This article first appeared on BikeRadar.
There’s no denying the simplicity and popularity of dedicated single chainring drivetrains. But there are trade-offs with cadence and gear range. Easton is hoping to eliminate those downsides with its new gravel, adventure and cyclo-cross double chainrings.
Easton’s double chainrings come in three sizes, each intended for different drop bar genres. According to Easton, 47/32t is for gravel, 46/36t is for cyclo-cross, and 46/30t is built for adventure riding.
Easton two-ring specifications
- Claimed weight: 47/32t 194g, 46/36t 192g, 46/30t 182g
- Claimed weight on Easton EC90 SL crankset: 540g (172.5mm 47/32 without bottom bracket)
- Chainline: 45mm
- Material: EA90 aluminum
- Price: $149.99 (UK and Australian pricing TBC)
- Available now
The timing of Easton’s two-ring chainring release corresponds well with Shimano’s recently unveiled clutch-equipped Ultegra RX rear derailleur.
Unlike SRAM’s clutch-equipped rear changers, the UItegra RX rear derailleur is compatible with double chainrings up front.
Easton claims a 45g weight saving by using direct-mount rings, which eliminate the need for a chainring spider.
Correct gearing for gravel
The gravel set features 47/32 chainrings
Easton is touting a few reasons behind the unique 47/32 chainring size.
In a nutshell, Easton is claiming standard road bike gearing (53/39, 52/36 and 50/34t) — which was made for light, aero bikes with narrow tires riding on hard, smooth asphalt — is too tall for gravel bikes with their big tires, non-aero frames and rough, slow-riding surfaces.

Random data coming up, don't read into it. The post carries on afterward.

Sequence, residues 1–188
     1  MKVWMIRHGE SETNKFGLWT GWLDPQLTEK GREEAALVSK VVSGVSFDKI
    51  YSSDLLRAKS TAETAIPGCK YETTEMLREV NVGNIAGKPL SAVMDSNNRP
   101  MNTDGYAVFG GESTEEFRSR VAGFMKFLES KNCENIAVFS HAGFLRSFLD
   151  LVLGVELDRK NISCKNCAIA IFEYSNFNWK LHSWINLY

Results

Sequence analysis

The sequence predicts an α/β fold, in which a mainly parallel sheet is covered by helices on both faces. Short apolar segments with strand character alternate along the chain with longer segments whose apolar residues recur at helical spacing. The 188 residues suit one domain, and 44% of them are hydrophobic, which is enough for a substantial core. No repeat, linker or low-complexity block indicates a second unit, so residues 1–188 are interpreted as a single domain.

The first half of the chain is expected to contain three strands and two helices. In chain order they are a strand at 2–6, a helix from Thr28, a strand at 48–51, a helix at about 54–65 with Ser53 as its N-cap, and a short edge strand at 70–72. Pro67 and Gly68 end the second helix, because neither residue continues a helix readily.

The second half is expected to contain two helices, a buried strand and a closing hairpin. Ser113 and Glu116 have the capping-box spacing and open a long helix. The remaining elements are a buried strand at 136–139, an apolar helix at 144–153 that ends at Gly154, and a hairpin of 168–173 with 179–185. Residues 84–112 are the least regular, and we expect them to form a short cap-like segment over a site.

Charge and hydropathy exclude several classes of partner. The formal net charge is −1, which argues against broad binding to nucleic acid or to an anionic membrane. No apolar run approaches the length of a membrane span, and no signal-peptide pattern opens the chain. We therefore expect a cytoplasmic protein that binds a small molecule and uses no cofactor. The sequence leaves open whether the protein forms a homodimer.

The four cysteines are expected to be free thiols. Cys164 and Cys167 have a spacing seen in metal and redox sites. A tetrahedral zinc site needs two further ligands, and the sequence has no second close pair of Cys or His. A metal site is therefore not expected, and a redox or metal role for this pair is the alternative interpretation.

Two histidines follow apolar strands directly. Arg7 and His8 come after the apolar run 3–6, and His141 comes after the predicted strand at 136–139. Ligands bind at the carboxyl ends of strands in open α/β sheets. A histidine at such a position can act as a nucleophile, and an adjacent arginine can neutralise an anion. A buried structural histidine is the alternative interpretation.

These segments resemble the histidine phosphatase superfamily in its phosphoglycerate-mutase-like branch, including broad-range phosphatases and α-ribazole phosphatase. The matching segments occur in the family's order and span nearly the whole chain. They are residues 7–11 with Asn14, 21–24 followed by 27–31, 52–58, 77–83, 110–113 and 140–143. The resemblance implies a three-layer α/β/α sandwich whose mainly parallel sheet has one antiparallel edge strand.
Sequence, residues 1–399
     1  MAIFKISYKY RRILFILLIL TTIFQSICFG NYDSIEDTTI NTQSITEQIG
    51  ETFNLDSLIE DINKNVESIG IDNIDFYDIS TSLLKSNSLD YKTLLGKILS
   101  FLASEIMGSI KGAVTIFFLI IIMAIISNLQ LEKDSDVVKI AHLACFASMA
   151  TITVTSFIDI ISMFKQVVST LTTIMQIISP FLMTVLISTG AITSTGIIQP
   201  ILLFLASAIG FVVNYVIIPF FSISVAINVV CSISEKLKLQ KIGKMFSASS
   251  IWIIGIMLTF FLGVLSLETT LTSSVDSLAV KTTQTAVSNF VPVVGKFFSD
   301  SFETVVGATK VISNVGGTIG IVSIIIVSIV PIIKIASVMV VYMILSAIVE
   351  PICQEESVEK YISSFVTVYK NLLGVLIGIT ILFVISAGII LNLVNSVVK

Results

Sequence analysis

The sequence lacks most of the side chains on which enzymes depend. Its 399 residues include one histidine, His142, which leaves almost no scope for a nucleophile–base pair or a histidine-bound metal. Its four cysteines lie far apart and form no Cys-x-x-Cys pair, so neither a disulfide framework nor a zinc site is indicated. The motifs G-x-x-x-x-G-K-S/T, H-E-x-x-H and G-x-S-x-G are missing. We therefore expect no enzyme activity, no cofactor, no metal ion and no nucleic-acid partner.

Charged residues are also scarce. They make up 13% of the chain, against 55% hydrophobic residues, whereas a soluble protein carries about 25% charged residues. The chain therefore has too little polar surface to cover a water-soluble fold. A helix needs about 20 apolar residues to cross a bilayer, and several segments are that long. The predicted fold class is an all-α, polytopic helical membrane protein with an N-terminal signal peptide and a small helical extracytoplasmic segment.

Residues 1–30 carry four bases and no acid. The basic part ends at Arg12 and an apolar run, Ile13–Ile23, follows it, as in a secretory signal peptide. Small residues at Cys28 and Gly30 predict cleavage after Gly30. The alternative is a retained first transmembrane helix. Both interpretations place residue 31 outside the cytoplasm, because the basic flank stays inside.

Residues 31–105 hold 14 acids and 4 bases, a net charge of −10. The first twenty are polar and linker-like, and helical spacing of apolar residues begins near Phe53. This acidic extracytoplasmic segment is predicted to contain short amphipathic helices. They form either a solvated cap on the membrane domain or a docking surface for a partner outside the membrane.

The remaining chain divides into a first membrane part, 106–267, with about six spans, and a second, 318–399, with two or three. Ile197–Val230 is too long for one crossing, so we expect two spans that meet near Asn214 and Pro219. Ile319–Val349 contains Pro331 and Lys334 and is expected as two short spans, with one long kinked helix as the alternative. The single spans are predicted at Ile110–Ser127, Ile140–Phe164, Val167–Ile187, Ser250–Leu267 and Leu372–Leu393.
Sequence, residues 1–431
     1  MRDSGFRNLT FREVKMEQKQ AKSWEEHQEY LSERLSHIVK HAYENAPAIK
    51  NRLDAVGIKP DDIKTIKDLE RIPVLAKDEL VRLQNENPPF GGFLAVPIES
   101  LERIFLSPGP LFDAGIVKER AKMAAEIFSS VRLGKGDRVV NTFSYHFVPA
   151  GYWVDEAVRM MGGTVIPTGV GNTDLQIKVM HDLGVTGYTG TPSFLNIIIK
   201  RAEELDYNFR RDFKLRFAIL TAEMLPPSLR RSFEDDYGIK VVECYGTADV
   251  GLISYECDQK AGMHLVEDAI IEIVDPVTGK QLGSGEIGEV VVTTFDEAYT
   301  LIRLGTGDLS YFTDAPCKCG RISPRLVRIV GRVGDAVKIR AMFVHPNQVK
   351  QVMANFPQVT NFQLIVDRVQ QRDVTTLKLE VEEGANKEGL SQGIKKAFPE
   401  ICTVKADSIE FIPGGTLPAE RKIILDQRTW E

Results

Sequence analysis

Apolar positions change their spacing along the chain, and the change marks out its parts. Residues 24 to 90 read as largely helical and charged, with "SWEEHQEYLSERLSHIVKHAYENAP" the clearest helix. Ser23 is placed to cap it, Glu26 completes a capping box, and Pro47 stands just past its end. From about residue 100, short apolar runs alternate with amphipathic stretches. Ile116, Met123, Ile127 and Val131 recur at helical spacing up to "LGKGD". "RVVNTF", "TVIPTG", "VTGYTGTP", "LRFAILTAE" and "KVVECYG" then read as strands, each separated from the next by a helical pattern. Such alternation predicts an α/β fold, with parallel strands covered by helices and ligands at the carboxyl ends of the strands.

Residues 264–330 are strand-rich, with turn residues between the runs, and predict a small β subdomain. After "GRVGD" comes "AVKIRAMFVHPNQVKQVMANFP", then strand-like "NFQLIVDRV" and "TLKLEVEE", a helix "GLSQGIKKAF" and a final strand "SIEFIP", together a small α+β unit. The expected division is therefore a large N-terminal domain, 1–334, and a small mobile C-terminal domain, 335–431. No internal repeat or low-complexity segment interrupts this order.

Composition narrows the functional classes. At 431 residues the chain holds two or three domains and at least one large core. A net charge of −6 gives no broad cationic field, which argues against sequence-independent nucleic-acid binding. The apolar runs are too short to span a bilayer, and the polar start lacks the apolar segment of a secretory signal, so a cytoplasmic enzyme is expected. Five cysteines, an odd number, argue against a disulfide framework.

Why a 47 and not the more common 48 chainring for a sub-compact big ring? Easton claims it found the only time gravel speeds exceeded 54kph / 33.5mph was on descents where pedaling would not make an impact.
For the low end, Easton found the 32t ring ideal, as it provides a 1:1 ratio when paired with the common 11-32t cassette.
Easton also touts increased shifting performance. With a 15-tooth spread between the rings versus the more common 16t. This lessens the cadence jump when shifting the front derailleur.
Additionally, Easton claims that with its 47-tooth ring it can optimize the shift ramps better than it could with a 48-tooth ring.
A short spread for cyclo-cross
For cyclo-cross, Easton is offering a 46/36 option
The cyclo-cross-targeted chainrings are 46/36t. Easton states its sponsored ‘cross riders requested this combo.
Easton claims the 10-tooth spread delivers quick front shifts and requires fewer rear shifts to minimize the gearing gaps.
According to Easton, having a 36-tooth small ring gives an easy gear for steep inclines and a natural dismount cadence for when riders have to hop off and run.
On the high end, the 46-tooth big ring has enough speed for pavement sections and finish-line sprints.
High and low for adventure
Adventure bikes get a 46/30 wide-range chainset
A lot is asked of adventure bikes. Often times they’re loaded tip to tail with gear then ridden up, over and around some desolate and rugged terrain.
Easton believes 46/30t chainrings provide a suitable range with an ultra-low gear that’s ideal for slogging up steep roads, yet a big enough gear on the opposite end to click off the miles or maximize downhills.
The 16-tooth spread is within front derailleur standards. Easton acknowledges there’s a bit of shifting performance trade-off for the massive gear range.